1999

ITFY

Prosecutor v. Dusko Tadic Appeals Chamber

- Tadic, a Bosnian-Serb convicted of ethnic cleansing against Bosnian-Muslims. He was a soldier of Bosnia, acting in Bosnia, but the army was controlled by Yugoslavia (Serbia-Montenegro) even after 19 may 1992, when they withdrew - The Statute of ITFY gives competence to the tribunal for ‘grave breaches’ under the 4 Geneva Conventions 1949 against ‘persons protected’ - Prosecutor appealed the acquittal of counts. The judgement said that victims were not ‘protected persons’, that the Bosnian Serbs were not acting as organs of another State Art 2 of Statute requires: 1. Nature of conflict (international), three cases a) two or more States b) internal conflict other State intervenes c) internal conflict, a participant act on behalf of other State Before 19-05-92 Yugoslavia’s Army was acting in Bosnia, after that date Bosnia Army was alone in Bosnia Resolution Nicaragua Case, two conditions for a foreign State to be responsible for operations of contras: i. ‘effective control’ of paramilitary group + financed by that State + coordinated by that State ii. exercised with respect specific operation where breaches were committed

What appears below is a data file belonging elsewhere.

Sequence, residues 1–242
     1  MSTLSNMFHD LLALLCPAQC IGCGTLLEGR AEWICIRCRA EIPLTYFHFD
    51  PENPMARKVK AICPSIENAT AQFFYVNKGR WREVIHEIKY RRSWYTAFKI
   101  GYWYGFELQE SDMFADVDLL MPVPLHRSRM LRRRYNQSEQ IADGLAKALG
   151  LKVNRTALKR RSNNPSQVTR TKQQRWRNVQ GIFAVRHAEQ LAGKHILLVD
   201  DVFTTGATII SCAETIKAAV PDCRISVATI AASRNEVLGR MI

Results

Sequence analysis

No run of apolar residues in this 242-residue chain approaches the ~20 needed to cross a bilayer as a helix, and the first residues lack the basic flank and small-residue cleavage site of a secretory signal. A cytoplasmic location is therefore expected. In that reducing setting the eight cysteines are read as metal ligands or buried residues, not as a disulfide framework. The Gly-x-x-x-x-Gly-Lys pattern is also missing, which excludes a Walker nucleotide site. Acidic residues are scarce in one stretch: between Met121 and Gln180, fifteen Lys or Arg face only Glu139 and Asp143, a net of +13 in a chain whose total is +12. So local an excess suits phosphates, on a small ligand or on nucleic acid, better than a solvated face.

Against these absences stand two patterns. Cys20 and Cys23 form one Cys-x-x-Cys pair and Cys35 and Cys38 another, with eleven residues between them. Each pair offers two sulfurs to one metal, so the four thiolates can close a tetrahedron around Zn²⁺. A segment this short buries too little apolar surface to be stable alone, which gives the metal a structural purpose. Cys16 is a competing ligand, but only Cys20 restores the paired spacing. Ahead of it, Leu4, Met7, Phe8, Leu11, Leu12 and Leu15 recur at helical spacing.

In the Case the UCLAS were not US officials (private persons) but acted under instructions of US government for mining of ports, so US responsible Contras, were not officials, (private persons) were financed but they acted by themselves, so US not responsible The Chamber distinguished Nicaragua because i. GIL, art 8DASR acts of private individuals acting on behalf of a State are attributable to such State. Two cases + isolated individuals, it is necessary overall control, specific instructions + hierarchical structured group. In this case the State is responsible even from ultra vires acts, provided overall control (demonstrable link). This is so because state responsibility is based on concept of accountability (explain actions to public) which disregards legal formalities ii. ‘effective control’ is at variance with GIL Yeager Case, revolutionary Komitehs, Iran Loizidou v. Turkey (117) the requirement of international law for the attribution to States of acts performed by private individuals is that the State exercises control over the individuals. The degree of control may, however, vary according to the factual circumstances of each case. The Appeals Chamber fails to see why in each and every circumstances international law should require a a high threshold for the test of control Status of victim (protected): those in hands of a Party to the conflict which they are not nationals, since they do not have normal diplomatic protection. Based on purpose of the conventions the approach must be more substantial than formal in modern ethnic conflicts